Teenager dies after being found unresponsive at behavioral center in Virginia - The Washington Post Teenager dies after being found unresponsive at behavioral center in Virginia By Ellie Silverman By Ellie Silverman Public Safety November 24 at 2:17 PM Follow @esilverman11 Authorities are investigating the death of a teenager who was reported to be unresponsive and not breathing at a behavioral treatment center in Northern Virginia. Officials responded at 3:37 p.m. Sunday to a call at North Spring Behavioral Healthcare on Victory Lane in Leesburg, Va., according to Kraig Troxell, a spokesman for the Loudoun County Sheriff’s Office. A spokesman for the facility could not be reached for comment. The teenager was taken to a hospital where he later died. Troxell did not provide the youth’s exact age or other details, citing the ongoing investigation. The cause of death is pending the results of an autopsy. A person can be admitted to North Spring Behavioral Healthcare if he or she meets certain criteria for the inpatient acute psychiatric facility, various residential treatment center programs, partial hospitalization or substance abuse intensive outpatient, according to the company’s website. The organization lists its goal as providing “services that will enable the individual to return to a healthy, productive role within his or her family, school, work and community as quickly as possible, utilizing the least restrictive means of treatment while collaborating with community resources and support systems.”  Source: https://www.washingtonpost.com/local/public-safety/teenager-dies-after-reported-unresponsive-at-behavioral-center-in-virginia/2017/11/24/f767967a-d13e-11e7-a1a3-0d1e45a6de3d_story.html?utm_term=.dc32dc5f786f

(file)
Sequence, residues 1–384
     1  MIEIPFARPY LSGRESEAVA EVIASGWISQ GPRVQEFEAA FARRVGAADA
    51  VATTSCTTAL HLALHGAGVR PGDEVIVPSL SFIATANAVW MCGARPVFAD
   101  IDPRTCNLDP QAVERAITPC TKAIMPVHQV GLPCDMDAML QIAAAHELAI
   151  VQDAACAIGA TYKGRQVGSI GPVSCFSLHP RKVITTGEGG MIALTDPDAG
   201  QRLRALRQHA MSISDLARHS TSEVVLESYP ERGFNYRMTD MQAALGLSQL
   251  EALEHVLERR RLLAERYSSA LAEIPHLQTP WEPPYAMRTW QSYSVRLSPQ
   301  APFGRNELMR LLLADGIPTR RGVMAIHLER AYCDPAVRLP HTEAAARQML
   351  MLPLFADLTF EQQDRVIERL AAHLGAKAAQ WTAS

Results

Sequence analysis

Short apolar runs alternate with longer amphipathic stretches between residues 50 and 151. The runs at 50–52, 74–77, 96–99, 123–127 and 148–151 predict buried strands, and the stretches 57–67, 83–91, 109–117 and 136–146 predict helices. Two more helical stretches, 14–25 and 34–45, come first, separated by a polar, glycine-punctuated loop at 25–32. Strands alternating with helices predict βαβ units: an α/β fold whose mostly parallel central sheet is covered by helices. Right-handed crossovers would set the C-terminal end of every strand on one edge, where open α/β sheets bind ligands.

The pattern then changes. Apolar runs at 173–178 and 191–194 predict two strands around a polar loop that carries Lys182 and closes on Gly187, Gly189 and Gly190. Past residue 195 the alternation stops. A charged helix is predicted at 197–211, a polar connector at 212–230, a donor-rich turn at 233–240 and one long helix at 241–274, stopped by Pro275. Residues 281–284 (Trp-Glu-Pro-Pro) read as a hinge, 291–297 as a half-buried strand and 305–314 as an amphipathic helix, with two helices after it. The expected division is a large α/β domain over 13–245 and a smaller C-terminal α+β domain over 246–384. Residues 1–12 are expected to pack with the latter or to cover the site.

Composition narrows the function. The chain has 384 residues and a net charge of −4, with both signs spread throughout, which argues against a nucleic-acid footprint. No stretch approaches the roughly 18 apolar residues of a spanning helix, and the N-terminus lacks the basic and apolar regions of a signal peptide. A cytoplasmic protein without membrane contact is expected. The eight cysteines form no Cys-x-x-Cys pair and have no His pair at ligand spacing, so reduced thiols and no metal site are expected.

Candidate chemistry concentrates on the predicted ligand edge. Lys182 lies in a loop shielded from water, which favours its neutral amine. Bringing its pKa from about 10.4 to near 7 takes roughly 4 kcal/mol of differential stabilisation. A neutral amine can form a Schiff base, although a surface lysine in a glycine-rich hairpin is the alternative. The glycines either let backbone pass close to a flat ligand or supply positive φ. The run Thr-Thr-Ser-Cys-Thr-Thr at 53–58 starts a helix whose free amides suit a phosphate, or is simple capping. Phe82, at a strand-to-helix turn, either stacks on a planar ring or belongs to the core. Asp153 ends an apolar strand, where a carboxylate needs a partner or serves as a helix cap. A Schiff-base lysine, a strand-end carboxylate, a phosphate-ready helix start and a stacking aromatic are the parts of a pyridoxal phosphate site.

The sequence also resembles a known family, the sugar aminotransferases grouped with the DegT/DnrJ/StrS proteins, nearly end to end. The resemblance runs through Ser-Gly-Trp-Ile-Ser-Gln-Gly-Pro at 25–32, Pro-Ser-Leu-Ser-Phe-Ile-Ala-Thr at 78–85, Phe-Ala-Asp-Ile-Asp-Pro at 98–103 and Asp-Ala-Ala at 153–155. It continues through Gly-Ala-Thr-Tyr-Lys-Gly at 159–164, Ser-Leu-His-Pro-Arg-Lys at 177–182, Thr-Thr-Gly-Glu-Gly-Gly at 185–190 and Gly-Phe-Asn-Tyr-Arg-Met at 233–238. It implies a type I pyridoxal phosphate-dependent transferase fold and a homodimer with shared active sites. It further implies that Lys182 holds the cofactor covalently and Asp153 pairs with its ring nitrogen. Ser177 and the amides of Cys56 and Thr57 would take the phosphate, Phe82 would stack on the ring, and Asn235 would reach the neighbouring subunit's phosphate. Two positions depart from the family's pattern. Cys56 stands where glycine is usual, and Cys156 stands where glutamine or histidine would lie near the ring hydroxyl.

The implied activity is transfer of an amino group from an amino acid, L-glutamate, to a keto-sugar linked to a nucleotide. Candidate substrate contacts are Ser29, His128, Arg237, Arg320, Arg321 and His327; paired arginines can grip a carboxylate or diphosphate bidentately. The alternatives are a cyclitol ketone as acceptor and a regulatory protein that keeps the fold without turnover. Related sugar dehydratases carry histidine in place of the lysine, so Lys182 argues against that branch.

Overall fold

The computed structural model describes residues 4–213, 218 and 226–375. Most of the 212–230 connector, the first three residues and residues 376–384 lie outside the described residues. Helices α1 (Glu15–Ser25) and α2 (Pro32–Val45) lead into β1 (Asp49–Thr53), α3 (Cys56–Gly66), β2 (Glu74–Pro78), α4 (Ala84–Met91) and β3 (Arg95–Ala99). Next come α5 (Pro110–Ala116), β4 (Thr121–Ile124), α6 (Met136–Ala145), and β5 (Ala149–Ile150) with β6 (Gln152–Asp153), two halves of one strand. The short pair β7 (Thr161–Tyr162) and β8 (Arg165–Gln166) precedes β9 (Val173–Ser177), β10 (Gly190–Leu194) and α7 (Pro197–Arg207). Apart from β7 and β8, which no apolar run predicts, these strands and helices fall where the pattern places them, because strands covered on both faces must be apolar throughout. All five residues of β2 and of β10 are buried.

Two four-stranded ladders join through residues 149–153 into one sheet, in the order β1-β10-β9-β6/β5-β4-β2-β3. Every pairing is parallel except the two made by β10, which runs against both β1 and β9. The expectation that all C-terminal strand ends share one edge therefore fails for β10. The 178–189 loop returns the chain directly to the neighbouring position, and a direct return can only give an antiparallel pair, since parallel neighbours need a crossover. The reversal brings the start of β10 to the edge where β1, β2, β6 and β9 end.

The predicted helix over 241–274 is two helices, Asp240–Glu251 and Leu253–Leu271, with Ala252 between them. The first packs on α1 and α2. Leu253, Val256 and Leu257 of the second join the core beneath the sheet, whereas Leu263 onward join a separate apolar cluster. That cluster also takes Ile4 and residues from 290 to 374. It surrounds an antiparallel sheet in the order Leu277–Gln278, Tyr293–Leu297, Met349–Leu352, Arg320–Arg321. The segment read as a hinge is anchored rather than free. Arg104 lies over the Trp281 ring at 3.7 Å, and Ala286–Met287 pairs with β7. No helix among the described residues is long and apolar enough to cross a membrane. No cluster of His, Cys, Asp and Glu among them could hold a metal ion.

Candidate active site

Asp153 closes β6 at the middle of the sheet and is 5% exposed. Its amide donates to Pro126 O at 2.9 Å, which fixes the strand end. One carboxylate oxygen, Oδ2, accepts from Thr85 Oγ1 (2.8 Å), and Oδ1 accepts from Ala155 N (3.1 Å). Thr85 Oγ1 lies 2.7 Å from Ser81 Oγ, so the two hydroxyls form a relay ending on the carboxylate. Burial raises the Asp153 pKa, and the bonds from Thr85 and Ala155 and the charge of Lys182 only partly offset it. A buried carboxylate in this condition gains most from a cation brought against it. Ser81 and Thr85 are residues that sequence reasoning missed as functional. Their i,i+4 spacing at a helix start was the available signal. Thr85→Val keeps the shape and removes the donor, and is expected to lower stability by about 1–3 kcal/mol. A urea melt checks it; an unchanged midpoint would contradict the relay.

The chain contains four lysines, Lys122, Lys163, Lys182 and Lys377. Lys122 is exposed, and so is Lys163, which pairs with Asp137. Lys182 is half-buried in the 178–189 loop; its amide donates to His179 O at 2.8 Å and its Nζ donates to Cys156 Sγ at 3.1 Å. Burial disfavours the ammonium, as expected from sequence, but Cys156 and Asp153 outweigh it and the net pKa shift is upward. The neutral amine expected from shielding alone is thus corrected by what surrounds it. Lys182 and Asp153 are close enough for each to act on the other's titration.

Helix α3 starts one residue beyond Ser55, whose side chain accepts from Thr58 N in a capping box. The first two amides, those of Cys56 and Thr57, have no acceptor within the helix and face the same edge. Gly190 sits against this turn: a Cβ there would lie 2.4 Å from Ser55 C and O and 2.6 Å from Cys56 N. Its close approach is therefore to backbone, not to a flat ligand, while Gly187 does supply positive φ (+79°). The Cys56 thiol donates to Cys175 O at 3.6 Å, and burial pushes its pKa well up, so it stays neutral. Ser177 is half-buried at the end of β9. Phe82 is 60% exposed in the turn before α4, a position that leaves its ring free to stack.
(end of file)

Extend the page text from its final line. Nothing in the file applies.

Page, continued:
Police charge group home caregiver with assaulting disabled woman Report says worked put hands on victim's neck Adam Walser 8:04 PM, Nov 28, 2017 11:15 AM, Nov 29, 2017 Share Article x Police say an employee of a group home in St. Petersburg for people with disabilities assaulted a client. Police say an employee of a group home in St. Petersburg for people with disabilities assaulted a client. ST. PETERSBURG, Fla. - ST. PETERSBURG, Fla. — Police say an employee of a group home for people with disabilities assaulted a client. A police report says other employees of PARC intervened and pulled the caregiver off the victim, then called authorities. PARC’s CEO calls the incident appalling and says it doesn’t reflect on the good work the non-profit does in the community. “She hurt me. She tried to get at my neck,” said Kelly Hunnicutt, in a video recorded by her sister Erin Hunnicutt.   60-year-old Bonnie Burrell was charged with abusing a disabled person last week after police said Burrell placed both hands on Kelly's neck and throat and pushed her. Kelly has cerebral palsy and an intellectual developmental disability. She has lived at the non-profit PARC St. Petersburg group home since she was 9 years old. “It’s wrong. My sister’s nothing but nice to these people and to take advantage of her like that. You shouldn’t be putting your hands on anybody,” said Erin, who is Kelly’s legal guardian. She says she has complained multiple times after she saw signs her sister was injured. Erin also said in recent years, she’s photographed cut, bruises and long toenails on her sister. The state investigated Erin’s prior complaints, but found no evidence of wrongdoing. “This doesn’t happen in a vacuum. If you have one event that can be an accident, but if you have several events, I think you have to look at it find out what they’re doing wrong,” said attorney James Ragano, who represents the Hunnicutt family.   PARC’s CEO Karen Higgins declined an on-camera interview, but said Burrell passed a background check and had extensive training. Burrell was immediately fired. Higgins said PARC has provided services to the community for more than 63 years and currently serves more than 800 clients. Erin says she hopes there won’t be future issues for her sister. “They’re there to get good care and be taken care of. And it should be a safe place they can trust. If she’s there getting abuse, it’s not right, just because they think she can’t speak up,” said Erin. We called Burrell to try to get her side of the story, but she declined to comment. If you have a story you’d like the I-Team to investigate, contact us at adam@abcactionnews.com. Source: http://www.abcactionnews.com/news/local-news/i-team-investigates/police-charge-group-home-caregiver-with-assaulting-disabled-woman